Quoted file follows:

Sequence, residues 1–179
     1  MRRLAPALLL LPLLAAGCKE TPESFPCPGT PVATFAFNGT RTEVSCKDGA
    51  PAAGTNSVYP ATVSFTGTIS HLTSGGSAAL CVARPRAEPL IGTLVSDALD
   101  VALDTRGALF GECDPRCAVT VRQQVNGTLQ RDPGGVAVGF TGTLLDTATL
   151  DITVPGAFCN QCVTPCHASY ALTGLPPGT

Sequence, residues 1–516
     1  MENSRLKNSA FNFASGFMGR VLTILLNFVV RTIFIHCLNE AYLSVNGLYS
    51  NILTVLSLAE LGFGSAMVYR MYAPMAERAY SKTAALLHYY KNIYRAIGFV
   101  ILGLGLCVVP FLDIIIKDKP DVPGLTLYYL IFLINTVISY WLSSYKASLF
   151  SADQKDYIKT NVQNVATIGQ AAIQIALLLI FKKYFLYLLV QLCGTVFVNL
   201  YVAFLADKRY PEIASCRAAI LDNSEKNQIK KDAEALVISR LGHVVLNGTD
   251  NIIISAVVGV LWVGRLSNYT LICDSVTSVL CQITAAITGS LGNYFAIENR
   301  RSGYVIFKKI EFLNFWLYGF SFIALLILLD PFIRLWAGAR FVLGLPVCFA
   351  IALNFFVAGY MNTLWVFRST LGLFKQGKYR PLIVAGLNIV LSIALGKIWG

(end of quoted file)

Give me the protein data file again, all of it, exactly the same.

Sequence, residues 1–179
     1  MRRLAPALLL LPLLAAGCKE TPESFPCPGT PVATFAFNGT RTEVSCKDGA
    51  PAAGTNSVYP ATVSFTGTIS HLTSGGSAAL CVARPRAEPL IGTLVSDALD
   101  VALDTRGALF GECDPRCAVT VRQQVNGTLQ RDPGGVAVGF TGTLLDTATL
   151  DITVPGAFCN QCVTPCHASY ALTGLPPGT

Sequence, residues 1–516
     1  MENSRLKNSA FNFASGFMGR VLTILLNFVV RTIFIHCLNE AYLSVNGLYS
    51  NILTVLSLAE LGFGSAMVYR MYAPMAERAY SKTAALLHYY KNIYRAIGFV
   101  ILGLGLCVVP FLDIIIKDKP DVPGLTLYYL IFLINTVISY WLSSYKASLF
   151  SADQKDYIKT NVQNVATIGQ AAIQIALLLI FKKYFLYLLV QLCGTVFVNL
   201  YVAFLADKRY PEIASCRAAI LDNSEKNQIK KDAEALVISR LGHVVLNGTD
   251  NIIISAVVGV LWVGRLSNYT LICDSVTSVL CQITAAITGS LGNYFAIENR
   301  RSGYVIFKKI EFLNFWLYGF SFIALLILLD PFIRLWAGAR FVLGLPVCFA
   351  IALNFFVAGY MNTLWVFRST LGLFKQGKYR PLIVAGLNIV LSIALGKIWG